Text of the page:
"In this case, a key component to the defense verdict was the fact that the defendants were able to provide convincing expert testimony regarding the outcome of the decedent’s situation if the diagnosis had been tendered earlier, as argued by the plaintiff," writes Acacia Brush Perko, Esq.
The court found that treatment performance was below the standard of care.
"The defense claimed that the patient’s kidney function was intact at the time of the CT scan and that the patient failed to follow up with his urologist," writes Acacia Brush Perko, Esq.
"Based on their lines of questioning, it was apparent the defendant’s attorney wanted me to sit on the jury and the plaintiff’s attorney did not," writes Urology Times Content Channel Director Richard R. Kerr.
"It is prudent for providers to know the law of the jurisdiction where they practice and any applicable policies surrounding consult and documentation," advises Brianne Goodwin, JD, RN.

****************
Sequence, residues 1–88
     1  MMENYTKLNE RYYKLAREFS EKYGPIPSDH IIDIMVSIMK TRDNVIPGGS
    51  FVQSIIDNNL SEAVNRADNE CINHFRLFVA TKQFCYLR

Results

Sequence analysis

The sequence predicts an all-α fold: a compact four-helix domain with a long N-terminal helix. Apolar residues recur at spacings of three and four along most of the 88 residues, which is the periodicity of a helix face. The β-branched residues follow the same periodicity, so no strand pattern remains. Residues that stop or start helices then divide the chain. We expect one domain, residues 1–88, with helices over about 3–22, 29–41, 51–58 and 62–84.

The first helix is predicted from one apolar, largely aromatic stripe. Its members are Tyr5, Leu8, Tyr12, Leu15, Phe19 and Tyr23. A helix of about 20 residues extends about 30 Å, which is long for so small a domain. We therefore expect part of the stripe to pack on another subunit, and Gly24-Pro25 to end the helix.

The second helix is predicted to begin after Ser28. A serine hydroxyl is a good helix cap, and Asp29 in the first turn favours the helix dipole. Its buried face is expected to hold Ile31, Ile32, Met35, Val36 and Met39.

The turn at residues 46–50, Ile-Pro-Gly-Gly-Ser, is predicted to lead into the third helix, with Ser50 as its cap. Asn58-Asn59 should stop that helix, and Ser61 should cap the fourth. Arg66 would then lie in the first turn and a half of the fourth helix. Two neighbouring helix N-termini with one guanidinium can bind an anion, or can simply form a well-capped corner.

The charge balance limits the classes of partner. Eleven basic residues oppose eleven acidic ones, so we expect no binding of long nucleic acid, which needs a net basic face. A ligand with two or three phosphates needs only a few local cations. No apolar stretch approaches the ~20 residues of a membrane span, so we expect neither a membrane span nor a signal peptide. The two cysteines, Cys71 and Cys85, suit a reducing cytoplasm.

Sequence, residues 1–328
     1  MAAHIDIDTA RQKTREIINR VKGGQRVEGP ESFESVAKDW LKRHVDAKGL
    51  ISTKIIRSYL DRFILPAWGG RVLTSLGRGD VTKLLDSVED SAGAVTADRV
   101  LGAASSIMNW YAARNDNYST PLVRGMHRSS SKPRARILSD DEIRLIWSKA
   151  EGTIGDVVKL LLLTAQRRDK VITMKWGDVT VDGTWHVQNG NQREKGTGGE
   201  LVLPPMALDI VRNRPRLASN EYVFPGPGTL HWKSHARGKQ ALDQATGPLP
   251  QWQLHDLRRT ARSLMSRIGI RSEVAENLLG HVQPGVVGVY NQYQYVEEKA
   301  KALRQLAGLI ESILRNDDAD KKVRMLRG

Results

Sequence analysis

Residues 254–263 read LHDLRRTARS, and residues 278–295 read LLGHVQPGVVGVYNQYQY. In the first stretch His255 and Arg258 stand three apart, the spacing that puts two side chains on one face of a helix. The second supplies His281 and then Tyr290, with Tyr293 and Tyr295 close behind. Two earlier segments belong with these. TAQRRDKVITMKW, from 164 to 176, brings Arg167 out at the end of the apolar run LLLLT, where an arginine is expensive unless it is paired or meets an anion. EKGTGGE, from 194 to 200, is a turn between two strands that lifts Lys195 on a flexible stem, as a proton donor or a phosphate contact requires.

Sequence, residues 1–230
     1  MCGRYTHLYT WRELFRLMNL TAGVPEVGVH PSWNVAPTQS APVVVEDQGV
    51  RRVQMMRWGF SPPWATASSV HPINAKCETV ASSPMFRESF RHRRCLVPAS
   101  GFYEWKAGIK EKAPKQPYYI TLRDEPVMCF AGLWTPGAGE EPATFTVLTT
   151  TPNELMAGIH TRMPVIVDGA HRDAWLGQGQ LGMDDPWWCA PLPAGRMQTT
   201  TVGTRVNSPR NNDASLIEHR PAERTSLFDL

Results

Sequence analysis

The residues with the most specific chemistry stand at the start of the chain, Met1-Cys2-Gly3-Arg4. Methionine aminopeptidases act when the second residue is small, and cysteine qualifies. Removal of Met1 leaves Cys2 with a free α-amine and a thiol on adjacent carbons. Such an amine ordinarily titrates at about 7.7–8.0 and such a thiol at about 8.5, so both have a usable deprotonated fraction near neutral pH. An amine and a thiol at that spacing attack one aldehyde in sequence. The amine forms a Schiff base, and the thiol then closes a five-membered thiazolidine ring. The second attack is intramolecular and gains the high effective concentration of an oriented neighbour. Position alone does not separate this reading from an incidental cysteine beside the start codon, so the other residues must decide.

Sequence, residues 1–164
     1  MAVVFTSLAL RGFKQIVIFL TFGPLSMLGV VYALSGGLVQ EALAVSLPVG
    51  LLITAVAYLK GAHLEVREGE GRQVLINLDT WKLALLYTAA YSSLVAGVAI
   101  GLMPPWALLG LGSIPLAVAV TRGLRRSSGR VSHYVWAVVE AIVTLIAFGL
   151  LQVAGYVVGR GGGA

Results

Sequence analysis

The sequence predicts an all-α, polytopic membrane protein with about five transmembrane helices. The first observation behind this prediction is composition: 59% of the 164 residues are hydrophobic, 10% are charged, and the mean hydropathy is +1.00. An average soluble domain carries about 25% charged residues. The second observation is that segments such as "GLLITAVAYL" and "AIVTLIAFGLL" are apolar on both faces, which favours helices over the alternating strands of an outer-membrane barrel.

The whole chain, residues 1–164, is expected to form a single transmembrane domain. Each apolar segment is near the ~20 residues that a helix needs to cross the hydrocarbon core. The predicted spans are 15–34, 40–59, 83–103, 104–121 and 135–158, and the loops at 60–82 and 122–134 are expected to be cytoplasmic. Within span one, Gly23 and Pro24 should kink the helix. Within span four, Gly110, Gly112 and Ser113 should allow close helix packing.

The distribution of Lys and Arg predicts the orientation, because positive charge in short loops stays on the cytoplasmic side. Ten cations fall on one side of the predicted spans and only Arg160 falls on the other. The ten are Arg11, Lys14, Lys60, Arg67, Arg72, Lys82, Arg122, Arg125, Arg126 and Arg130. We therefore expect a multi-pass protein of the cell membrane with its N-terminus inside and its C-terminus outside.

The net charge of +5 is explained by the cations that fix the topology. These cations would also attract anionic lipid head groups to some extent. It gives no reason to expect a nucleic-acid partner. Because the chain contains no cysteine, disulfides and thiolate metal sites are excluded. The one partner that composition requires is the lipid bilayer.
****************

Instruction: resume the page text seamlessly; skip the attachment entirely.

A pathologist and three urologists were accused of negligence in the lawsuit.
"As the primary witnesses for the defense, [the treating physicians] did not build credibility, were not likable, and did not take any responsibility for the medical care of the claimant," writes Brianne Goodwin, JD, RN.
"Where other indicators of medical malpractice claims have decreased over the years, the prevalence of diagnostic error has not changed, calling for more innovating thinking, introspection, and systematic approaches to prevention and shared learning," writes Brianne Goodwin, JD, RN.
"The expert concluded that… had a urologist been consulted, additional attempts at placing a Foley catheter using a guidewire would have been made in an effort to relieve the retention," writes Acacia Brush Perko, Esq.
"The plaintiff claimed the decedent’s cancer should have been diagnosed by the original urologist at least 3 years before the actual diagnosis, and claimed that timely diagnosis and treatment would have prevented the spread of the cancer," writes Acacia Brush Perko, Esq.